Rupiah Forwards Advance on Stock Inflows; Bonds Little Changed

Indonesia’s three-month rupiah forwards rose to within 0.3 percent of a two-month high after international investors increased their holdings of the nation’s equities. Government bonds were little changed.

Funds based overseas bought $70 million more of local stocks than they sold in the first two days of this week, boosting net purchases in 2013 to $1 billion, exchange data show. Bank of Japan is expected to keep policy unchanged at a two-day meeting which starts today, according to a survey of economists by Bloomberg News. European Central Bank President Mario Draghi said yesterday “enormous progress” has been made in Spain, easing concern over the European debt crisis.

“Global central banks are taking ultra-loose monetary policies,” said Mika Martumpal, a currency analyst at PT Bank CIMB Niaga in Jakarta. That “means inflows into the Indonesian capital market and is good for the rupiah,” he said.

Three-month non-deliverable forwards advanced 0.1 percent to 9,691 per dollar as of 3:23 p.m. in Jakarta, data compiled by Bloomberg show. They reached 9,661 on Feb. 11, the strongest level since Dec. 4. The contracts traded at a 0.5 percent discount to the spot rate, which was little changed at 9,641, according to prices from local banks compiled by Bloomberg.

A daily fixing used to settle the derivative contracts was set at 9,643 per dollar today by the Association of Banks in Singapore. That’s 0.4 percent stronger than 9,685 on Feb. 8. Markets in the city-state were closed Feb. 11 and yesterday for the Chinese New Year holidays.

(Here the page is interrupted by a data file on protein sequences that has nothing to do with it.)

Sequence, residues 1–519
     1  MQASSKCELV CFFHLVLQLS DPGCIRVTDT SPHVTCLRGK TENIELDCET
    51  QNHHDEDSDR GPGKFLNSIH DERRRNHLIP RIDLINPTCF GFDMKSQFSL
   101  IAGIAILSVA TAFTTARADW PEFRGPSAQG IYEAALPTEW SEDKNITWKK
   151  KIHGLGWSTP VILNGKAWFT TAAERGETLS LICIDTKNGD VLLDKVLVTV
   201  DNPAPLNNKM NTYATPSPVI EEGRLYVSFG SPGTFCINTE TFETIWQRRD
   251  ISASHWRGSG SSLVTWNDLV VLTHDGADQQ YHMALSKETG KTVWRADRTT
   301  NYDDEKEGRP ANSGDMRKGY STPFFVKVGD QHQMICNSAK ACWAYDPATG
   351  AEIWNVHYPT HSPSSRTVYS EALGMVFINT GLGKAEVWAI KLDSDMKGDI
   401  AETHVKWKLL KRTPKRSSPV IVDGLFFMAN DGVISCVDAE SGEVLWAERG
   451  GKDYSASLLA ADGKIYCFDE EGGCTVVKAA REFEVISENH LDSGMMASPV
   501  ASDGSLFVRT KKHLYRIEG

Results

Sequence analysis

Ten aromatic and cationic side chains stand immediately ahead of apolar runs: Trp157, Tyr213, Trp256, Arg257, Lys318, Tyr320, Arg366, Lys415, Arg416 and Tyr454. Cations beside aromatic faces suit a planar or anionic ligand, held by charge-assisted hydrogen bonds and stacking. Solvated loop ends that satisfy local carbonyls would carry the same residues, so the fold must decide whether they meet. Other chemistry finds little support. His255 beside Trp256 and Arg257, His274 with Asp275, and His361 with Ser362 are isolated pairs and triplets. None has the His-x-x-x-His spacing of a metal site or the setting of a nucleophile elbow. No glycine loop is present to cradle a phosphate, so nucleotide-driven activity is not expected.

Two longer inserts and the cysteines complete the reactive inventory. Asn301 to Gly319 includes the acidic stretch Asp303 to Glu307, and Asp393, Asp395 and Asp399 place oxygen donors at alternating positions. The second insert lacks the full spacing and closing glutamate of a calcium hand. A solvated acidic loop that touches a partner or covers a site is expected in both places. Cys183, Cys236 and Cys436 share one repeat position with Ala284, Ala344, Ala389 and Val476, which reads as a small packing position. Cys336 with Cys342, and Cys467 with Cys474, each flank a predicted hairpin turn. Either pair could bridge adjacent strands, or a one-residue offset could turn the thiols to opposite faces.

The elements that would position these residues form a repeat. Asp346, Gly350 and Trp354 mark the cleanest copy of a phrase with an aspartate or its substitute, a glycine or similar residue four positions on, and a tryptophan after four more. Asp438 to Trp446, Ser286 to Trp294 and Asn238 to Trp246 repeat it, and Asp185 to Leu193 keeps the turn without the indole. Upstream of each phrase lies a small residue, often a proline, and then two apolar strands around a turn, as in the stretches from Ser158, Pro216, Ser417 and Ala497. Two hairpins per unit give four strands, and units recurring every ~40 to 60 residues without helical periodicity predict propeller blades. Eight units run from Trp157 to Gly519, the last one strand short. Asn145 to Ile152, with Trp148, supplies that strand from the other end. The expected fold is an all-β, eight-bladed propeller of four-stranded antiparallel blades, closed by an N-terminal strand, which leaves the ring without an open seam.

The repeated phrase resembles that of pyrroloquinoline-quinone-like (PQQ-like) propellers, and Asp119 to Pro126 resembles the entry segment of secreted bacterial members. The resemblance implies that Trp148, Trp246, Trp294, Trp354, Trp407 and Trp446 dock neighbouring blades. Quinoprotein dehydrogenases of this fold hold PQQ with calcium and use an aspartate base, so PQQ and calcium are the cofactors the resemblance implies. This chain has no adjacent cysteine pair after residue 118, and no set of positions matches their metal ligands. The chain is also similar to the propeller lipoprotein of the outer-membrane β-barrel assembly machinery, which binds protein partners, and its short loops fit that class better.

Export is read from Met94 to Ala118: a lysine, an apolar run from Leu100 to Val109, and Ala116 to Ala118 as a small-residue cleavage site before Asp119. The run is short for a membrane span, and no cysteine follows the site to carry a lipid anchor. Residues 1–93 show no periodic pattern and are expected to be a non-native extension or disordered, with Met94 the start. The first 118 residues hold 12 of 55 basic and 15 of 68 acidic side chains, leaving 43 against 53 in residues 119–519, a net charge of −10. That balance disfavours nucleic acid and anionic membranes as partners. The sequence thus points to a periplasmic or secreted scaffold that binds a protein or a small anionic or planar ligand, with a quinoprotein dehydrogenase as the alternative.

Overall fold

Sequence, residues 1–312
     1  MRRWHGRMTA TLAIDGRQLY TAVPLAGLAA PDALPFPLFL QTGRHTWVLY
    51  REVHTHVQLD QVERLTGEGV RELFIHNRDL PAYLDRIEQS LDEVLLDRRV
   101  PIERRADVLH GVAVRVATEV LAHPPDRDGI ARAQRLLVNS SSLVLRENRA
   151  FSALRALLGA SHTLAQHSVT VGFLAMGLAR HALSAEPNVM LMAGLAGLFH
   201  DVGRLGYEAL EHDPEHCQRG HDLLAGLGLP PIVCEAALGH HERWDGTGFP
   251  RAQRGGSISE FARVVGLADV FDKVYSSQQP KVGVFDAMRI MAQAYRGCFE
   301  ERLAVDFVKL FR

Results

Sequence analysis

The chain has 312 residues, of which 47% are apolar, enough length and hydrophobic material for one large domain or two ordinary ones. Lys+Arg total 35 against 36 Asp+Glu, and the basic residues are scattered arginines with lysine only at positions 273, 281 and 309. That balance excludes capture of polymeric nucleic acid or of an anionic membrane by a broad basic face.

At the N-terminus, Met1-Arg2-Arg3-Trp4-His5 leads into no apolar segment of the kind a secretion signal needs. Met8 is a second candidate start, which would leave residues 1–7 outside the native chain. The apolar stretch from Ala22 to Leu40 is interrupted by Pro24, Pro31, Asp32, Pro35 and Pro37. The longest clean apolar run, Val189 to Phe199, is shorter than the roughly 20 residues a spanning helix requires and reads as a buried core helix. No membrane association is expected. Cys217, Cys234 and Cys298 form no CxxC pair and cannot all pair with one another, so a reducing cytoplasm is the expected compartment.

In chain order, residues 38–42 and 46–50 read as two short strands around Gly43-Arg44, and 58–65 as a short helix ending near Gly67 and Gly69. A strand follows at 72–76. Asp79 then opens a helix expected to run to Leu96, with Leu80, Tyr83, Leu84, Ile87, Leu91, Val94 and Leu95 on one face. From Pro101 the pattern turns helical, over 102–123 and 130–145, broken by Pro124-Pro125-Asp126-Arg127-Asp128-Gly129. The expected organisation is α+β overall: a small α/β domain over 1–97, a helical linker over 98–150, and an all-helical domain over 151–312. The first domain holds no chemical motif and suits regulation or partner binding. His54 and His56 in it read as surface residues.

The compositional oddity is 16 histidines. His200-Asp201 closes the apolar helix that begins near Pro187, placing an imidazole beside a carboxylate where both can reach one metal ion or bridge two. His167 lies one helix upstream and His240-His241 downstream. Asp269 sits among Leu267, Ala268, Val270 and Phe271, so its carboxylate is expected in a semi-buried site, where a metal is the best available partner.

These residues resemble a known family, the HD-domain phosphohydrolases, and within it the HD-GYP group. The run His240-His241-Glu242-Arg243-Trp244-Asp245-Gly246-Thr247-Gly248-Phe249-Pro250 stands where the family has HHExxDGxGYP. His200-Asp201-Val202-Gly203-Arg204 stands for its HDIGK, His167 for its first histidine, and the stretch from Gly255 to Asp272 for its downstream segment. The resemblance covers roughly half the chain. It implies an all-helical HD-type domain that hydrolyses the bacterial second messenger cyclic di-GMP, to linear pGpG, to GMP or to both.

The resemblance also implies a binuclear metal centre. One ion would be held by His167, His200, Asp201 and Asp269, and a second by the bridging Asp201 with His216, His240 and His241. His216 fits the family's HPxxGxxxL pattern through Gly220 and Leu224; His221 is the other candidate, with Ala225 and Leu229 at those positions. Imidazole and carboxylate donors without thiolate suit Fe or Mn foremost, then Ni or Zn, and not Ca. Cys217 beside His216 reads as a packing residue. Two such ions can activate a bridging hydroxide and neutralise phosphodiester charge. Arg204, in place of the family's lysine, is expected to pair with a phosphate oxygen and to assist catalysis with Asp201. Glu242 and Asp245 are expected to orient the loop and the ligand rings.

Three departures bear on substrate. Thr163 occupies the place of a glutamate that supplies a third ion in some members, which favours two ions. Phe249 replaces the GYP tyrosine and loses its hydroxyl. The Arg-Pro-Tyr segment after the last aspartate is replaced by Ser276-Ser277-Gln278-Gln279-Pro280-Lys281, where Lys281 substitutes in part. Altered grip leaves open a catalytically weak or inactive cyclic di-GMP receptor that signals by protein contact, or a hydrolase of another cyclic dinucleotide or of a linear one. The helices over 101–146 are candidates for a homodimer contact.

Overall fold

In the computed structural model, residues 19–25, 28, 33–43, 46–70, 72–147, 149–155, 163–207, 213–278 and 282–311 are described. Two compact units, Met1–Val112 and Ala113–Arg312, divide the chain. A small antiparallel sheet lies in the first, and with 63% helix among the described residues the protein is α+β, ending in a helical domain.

The rupiah’s one-month implied volatility, which measures expected exchange-rate swings used to price options, was little changed at 6.5 percent for an eighth day.

Asset Purchases

Bank of Japan Governor Masaaki Shirakawa and six of his nine fellow board members voted last month for a 2 percent inflation target, to be achieved “at the earliest possible time,” and pledged to begin open-ended asset purchases from January 2014.

Indonesia’s current-account deficit widened to $7.8 billion in the quarter ended December, compared with the $7.4 billion median estimate in a Bloomberg news survey and $5.3 billion in the prior period, the central bank reported today.

The yield on Indonesia’s 5.625 percent bonds due May 2023 was little changed at 5.26 percent, prices from the Inter Dealer Market Association show.

Bank Indonesia maintained its benchmark rate at a record-low 5.75 percent yesterday, as forecast by all 17 analysts surveyed by Bloomberg.

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